Maggie’s new stepfather gives her the creeps. Not only is he short and hairy and definitely not her Dad, but he speaks with a strange accent and spends most of his time in a shed doing who-knows-what. True, it is not his fault that he cannot replace her dead father, and her mother seems to really, really love him, but somehow that only makes worse the Shadows that follow him everywhere—dozens of them that no one else seems to see.
Mark Frost’s The Paladin Prophecy, Book 1, is the start of something good. It is not a good day for Will West, though.
In Beastly, by Alexandra Flinn, Kyle Kingsbury is the kind of guy who has it all--looks, money, and charm. At his exclusive NYC prep school, of course he's going to be voted homecoming prince. It's a joke that anybody else even has his name on the ballot. Speaking of jokes, there's some new, chubby girl dressed in Goth black who's spent a lot of the morning glaring at him. She even called him beastly. How dare she?
Grace Pizzelli lacks pizzazz—or sparkle or brilliance or whatever you want to call it—unlike her brainy, beautiful, popular sister Emily. Grace was dozing off peacefully one day in trigonometry class when an unexpected summons to the principal’s office interrupted her nap. Mom was there, looking frantic and very un-put-together and, frankly, very unMomlike. Emily is missing. No, not her body. They know right where that is, but her mind is stuck somewhere in a video game. On purpose, no less, which is very unlike the totally perfect college student and computer genius everybody knows. In Deadly Pink, by Vivian Vande Velde, the Rasmussen gaming company has a huge problem. Players can only stay in total immersion games for so long before their bodies can’t take it anymore. If Emily doesn’t come out soon, she’s in big trouble, not to mention Rasmussen having a giant publicity meltdown over their dead programmer. Not dead as in messed-up-in-the-game-start-over dead, but really dead.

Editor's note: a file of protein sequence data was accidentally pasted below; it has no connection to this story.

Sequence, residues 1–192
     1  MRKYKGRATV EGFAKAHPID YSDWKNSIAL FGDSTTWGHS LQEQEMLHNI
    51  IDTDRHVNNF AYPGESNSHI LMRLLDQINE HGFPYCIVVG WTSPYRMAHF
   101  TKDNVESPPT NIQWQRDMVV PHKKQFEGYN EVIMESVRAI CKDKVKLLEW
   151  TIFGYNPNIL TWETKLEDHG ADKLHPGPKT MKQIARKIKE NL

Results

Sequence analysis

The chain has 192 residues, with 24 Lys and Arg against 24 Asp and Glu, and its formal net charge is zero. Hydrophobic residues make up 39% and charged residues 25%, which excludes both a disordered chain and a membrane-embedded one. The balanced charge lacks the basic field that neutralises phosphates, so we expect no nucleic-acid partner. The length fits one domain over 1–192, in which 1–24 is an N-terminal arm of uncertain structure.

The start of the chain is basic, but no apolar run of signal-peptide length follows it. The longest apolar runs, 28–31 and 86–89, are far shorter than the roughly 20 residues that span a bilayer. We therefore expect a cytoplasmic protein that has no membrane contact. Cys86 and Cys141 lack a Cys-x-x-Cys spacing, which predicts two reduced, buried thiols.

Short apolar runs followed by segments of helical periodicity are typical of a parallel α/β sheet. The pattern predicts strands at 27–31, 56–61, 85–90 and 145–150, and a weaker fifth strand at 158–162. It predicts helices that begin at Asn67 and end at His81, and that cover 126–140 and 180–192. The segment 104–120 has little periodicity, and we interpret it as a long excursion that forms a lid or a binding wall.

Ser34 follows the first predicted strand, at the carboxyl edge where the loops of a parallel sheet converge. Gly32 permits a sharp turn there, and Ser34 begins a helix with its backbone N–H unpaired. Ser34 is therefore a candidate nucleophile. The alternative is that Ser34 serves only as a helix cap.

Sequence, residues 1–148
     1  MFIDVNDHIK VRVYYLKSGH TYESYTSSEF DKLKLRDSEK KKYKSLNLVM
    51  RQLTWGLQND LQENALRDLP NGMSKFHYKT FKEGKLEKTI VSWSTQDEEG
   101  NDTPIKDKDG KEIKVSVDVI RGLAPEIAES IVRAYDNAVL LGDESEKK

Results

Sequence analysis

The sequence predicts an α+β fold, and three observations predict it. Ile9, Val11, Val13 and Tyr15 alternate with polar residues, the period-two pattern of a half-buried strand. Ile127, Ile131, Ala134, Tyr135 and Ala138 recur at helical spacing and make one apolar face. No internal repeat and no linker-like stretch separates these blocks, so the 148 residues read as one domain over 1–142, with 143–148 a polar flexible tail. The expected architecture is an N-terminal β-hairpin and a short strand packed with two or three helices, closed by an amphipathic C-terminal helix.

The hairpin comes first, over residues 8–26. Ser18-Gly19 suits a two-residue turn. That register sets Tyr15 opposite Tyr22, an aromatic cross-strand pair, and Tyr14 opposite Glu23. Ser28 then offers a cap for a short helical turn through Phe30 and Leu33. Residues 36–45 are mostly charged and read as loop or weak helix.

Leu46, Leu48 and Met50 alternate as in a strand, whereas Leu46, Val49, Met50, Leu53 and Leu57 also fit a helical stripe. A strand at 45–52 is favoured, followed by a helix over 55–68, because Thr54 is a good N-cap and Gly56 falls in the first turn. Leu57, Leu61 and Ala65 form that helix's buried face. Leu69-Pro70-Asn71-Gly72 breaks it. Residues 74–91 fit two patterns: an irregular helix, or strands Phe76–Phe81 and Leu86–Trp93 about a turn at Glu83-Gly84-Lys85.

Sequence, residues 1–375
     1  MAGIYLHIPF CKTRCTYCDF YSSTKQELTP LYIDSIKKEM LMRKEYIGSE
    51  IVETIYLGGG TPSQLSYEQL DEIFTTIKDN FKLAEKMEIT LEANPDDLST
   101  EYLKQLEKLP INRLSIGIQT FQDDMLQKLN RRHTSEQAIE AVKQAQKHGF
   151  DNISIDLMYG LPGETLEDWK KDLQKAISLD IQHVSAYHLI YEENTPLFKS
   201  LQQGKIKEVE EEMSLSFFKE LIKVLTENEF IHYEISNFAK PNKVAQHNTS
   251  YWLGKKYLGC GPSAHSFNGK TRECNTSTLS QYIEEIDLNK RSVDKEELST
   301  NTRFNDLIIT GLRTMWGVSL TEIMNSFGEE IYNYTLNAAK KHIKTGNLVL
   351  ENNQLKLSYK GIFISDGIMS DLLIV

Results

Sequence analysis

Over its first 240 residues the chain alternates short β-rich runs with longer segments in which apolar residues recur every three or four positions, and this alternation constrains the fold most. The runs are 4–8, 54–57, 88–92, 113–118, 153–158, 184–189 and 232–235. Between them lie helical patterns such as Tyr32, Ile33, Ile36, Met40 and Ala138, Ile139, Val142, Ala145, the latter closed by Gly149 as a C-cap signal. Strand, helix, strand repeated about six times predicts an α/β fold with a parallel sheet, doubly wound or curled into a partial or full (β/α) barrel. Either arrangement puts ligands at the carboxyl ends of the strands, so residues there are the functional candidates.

Jennifer Strange is The Last Dragonslayer, but just yesterday she was your ordinary foundling girl, helping to run a magical business in which wizards specialize in plumbing, speedy organ delivery, and getting cats down from trees. As you can see, magic is no longer held in as high regard as it used to be. Oh, and they just lost the organ delivery contract.
In The Wind Singer, by William Nicholson, legends are sometimes true, and schools may teach lies.
Kestrel Hath did not know this when she mouthed off to her teacher and was sent to the back of the room. As soon as they could, Kestrel and her twin brother, Bowman, cut class. This was Kestrel's idea. She was the one to do things. Bowman, on the other hand, could feel things. He felt his sister's anger, and he felt others’ loneliness. So they left the Orange district and headed to the central arena, where the wind singer stood.
As Faerie Wars, by Herbie Brennan, begins, the prince of a magical realm has escaped the palace in the dead of night. Someone is trying to kill him. Months pass, and, on the run from an encounter with Lord Hairstreak's men, Prince Pyrgus found himself running full-tilt down Seething Lane. A factory lay just ahead and once inside he slipped on a white lab coat and blended in with the rest of the workers.
In Dragonsong, by Anne McCaffrey, girls are for working in the kitchen, mending nets, keeping the house clean and tending the sick and the children. That’s all, and that’s enough as far as Yanus, Sea Holder of Half-Circle Sea Hold is concerned. His young daughter Menolly may –think- she has some musical talent, but that’s not a girl’s proper place. Never mind that Petiron, the old Harper, believed she had a real gift and taught her what he could. The daughter of a lord has an established place, and all her twiddlings on the harp won’t change that.
"Irish businessman will pay large amount of U.S. dollars to meet a fairy, sprite, leprechaun, or pixie."
The ad was posted on the Internet. Indeed, it generated numerous fraudulent responses, but the person who placed it only needed one true lead for his purposes. He had studied all he could in the mundane world he inhabited, but he knew the important secrets of the Fairy would only be known by others of their kind. However, in Artemis Fowl, by Eoin Colfer, the Irish businessman posting the ad did not mention that he was stupendously rich—and rather young. In his mind, the latter certainly did not signify.
Ruby is 16 and lives at Camp Thurmond, a government-run work camp with harsh restrictions and brutal punishments in The Darkest Minds, by Alexandra Bracken. She has been there since she was 10, shortly after a deadly virus appeared and proved fatal to most of Ruby’s classmates. Survivors of the virus developed psychic abilities of varying levels, and they were grouped into five classifications that indicate their power/danger level: Blue, Green, Yellow, Orange, and Red, with red being the most dangerous. Ruby is secretly an Orange who has tricked the officials (her power is entering other people’s minds) into believing she is a Green, which has kept her safe until now. But the officials are aware that there are some hiding Yellows, Oranges, and Reds, and they are using new tactics to ferret them out.